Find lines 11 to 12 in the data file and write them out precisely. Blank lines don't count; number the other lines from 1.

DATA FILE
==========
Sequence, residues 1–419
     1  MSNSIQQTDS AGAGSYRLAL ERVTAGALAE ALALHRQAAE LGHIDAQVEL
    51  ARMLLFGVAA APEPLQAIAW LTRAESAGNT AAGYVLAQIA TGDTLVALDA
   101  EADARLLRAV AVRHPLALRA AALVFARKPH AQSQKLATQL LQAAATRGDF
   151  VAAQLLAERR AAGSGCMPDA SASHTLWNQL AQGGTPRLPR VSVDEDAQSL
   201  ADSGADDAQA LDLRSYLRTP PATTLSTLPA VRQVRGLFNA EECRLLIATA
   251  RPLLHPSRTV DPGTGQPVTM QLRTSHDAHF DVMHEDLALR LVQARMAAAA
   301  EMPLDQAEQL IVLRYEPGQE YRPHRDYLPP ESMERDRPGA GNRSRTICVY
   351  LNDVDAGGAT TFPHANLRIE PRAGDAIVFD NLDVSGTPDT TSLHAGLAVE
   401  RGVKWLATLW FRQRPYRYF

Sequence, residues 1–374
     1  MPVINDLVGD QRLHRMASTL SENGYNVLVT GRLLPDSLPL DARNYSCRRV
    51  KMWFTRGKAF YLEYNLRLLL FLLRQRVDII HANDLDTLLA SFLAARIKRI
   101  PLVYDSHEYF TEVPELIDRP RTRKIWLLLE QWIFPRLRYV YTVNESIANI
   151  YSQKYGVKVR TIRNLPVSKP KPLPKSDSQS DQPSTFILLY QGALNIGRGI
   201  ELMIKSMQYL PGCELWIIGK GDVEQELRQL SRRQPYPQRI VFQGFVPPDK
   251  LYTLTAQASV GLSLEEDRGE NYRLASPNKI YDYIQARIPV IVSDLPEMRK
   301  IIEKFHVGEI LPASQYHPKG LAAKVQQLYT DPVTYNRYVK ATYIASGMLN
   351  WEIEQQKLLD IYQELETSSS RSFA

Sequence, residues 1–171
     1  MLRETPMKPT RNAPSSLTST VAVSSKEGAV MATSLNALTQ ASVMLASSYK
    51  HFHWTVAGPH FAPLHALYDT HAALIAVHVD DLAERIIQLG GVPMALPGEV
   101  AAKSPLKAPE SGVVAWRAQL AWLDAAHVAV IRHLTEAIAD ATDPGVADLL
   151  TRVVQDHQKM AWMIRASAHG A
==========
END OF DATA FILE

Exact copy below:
Sequence, residues 1–374
     1  MPVINDLVGD QRLHRMASTL SENGYNVLVT GRLLPDSLPL DARNYSCRRV